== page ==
Canada is planning to spend C$180bn on its infrastructure over the next 12 years. Melodie Michel looks at where the money will go and what opportunities this strategy will present to foreign investors.
In its 2016 budget, Justin Trudeau’s Liberal government announced a massive infrastructure investment drive: hundreds of billions of Canadian dollars would be poured into roads, ports, public transit, renewables and other sectors. It was the first time in years that Canada chose to operate on a deficit in order to stimulate growth. Historically, Canadian governments have led rather conservative budgets, which – along with very rigorous banking regulations – helped the country come out of the global financial crisis relatively unscathed.
This strategy worked well as long as commodity prices were high (in 2016, over 25% of the country’s exports were raw commodities) and the relationship with the US was smooth (in the same year, 76.2% of exports went to Canada’s southern neighbour). But this balance has been challenged in recent years: first, the commodity downturn has made it more difficult to create revenue without adding value. Second, the election of Donald Trump – a candidate whose ideology is very far from Trudeau’s – as president of the United States in November 2016, followed by his administration’s demands to renegotiate the North American Free Trade Agreement (Nafta), has put Canada’s most important trade relationship at risk.
“On the positive side we have a very large market and a wealthy neighbour, but on the negative side we face what bankers would call concentration risk,” Alexander Malaket, president of Opus Advisory Services International, tells GTR.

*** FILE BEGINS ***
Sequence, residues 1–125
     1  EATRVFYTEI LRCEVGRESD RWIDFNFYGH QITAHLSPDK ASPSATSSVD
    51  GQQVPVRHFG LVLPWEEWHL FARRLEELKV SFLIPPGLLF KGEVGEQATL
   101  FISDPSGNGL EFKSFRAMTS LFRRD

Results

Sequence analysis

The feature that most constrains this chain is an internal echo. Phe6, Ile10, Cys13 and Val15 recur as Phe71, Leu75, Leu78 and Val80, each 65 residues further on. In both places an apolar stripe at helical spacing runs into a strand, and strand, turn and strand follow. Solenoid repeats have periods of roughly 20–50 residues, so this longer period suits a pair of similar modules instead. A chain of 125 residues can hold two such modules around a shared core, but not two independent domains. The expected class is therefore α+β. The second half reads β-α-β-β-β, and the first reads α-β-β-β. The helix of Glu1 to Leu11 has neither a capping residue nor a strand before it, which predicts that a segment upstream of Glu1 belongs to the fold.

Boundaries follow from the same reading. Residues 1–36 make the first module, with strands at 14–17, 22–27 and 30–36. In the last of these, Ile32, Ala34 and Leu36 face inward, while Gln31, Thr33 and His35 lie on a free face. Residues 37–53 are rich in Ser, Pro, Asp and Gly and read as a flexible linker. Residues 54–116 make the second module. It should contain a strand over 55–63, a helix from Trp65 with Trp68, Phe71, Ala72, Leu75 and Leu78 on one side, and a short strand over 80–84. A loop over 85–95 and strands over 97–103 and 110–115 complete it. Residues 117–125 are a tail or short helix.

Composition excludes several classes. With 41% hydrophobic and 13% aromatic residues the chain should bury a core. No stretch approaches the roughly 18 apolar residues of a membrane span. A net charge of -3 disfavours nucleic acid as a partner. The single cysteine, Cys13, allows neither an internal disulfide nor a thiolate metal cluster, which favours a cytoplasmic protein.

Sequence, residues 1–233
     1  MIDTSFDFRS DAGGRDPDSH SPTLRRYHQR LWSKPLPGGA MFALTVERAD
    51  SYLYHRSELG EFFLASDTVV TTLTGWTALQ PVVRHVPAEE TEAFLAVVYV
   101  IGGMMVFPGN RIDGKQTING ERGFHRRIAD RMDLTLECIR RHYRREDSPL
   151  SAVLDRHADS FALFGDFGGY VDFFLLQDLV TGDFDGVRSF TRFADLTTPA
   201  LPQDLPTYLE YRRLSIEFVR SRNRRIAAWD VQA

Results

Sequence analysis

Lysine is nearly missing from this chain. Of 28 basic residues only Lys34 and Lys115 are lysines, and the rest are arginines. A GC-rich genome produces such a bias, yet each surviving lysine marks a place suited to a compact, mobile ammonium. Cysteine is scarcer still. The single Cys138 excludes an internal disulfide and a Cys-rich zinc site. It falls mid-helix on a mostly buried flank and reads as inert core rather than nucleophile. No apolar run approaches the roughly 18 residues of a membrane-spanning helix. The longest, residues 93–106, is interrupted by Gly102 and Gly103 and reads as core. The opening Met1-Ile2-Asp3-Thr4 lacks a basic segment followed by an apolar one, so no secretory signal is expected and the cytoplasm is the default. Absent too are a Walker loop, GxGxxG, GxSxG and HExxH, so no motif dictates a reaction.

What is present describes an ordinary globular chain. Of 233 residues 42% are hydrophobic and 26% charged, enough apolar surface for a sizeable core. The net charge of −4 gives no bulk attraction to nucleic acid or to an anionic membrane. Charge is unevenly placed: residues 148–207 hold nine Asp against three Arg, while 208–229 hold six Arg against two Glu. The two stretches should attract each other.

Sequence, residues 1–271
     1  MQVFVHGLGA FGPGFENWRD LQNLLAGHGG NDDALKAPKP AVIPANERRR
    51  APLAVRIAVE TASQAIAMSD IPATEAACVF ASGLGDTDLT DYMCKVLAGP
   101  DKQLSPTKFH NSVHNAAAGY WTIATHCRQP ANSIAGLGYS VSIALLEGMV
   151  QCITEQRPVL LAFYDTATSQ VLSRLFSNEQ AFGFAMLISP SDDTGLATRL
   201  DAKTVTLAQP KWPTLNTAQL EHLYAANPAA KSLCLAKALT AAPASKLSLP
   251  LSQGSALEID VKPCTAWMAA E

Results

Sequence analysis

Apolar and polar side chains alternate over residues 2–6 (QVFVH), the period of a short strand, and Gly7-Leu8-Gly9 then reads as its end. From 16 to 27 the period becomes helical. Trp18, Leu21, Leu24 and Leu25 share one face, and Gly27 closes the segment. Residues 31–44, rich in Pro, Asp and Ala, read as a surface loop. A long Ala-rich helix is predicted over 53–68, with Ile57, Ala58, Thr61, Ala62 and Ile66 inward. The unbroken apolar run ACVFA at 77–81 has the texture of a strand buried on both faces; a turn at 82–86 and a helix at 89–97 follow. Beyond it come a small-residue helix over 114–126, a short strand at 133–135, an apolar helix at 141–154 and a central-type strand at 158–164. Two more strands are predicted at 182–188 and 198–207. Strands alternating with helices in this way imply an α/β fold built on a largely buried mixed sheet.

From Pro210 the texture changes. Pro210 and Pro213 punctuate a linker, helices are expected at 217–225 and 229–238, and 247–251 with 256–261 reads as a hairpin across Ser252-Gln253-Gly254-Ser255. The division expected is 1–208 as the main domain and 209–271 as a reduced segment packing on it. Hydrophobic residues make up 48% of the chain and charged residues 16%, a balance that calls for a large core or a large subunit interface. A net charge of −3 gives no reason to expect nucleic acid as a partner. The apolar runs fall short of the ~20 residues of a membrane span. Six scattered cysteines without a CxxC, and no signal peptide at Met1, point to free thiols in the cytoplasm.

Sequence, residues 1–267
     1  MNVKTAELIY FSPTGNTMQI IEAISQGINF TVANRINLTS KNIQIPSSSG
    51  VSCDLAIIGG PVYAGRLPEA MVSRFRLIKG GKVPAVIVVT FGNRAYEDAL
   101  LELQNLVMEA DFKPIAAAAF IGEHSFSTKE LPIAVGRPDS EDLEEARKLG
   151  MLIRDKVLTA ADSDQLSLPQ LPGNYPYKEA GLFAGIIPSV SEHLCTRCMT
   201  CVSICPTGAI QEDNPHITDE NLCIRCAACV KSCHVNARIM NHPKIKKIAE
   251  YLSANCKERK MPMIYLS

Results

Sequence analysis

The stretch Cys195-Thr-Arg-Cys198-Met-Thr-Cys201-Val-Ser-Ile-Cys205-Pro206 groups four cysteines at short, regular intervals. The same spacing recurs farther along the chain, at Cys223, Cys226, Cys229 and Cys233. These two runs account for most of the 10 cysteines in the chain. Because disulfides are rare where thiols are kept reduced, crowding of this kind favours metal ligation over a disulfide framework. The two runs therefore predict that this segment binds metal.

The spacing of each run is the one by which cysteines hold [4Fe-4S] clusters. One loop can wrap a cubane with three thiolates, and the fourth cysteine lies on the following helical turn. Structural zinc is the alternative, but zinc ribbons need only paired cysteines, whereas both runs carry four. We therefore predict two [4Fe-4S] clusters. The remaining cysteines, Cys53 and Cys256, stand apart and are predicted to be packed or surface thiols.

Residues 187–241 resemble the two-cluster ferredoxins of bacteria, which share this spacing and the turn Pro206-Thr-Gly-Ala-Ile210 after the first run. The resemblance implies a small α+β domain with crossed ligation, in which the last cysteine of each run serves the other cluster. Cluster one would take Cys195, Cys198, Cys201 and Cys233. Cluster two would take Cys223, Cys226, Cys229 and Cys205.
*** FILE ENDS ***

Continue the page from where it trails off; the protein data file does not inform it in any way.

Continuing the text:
So Trudeau’s government decided it was time for a change. “As important as government help is, what the Canadian middle class needs most is strong economic growth. That is why the government will make new investments in infrastructure from coast to coast to coast,” reads the government’s 2016 budget.
In 2017, the budget clarified allocations: C$33bn would be delivered through bilateral agreements between the federal government and the provinces, and over the next 11 years C$20.1bn would be spent on public transit, C$9.2bn on green infrastructure, C$1.3bn on social infrastructure and C$2.4bn on northern and rural infrastructure. Some of the investment, though there are no details on how much, will also be spent on “information infrastructure”, to improve data technology and help importers, exporters and carriers streamline processes.
Canada Infrastructure Bank
Another important part of the government’s plan is the creation of the Canada Infrastructure Bank, the mandate of which, according to its website, is to invest in projects that “will contribute to [the country’s] long-term economic growth and support the creation of good, well-paying jobs for the middle class”. So far, only the bank’s chairperson has been publicly announced: Janice Fukakusa, who retired from her job as chief administrative officer and chief financial officer of Royal Bank of Canada (RBC) in January 2017.
However, details on the bank’s structure and the type of investment it will offer are thin on the ground. Despite submitting a list of questions about specific financial instruments, the only information GTR has been granted from the government is that the bank is expected to be operational by the end of 2017. “The bank will develop its own organisational structure once operational and, as per its legislation, will be able to use a wide breadth of financial instruments such as debt and equity investments, loan guarantees, and other innovative tools. The specific financial instruments used will depend on what makes most sense for any given project,” a government spokesperson says.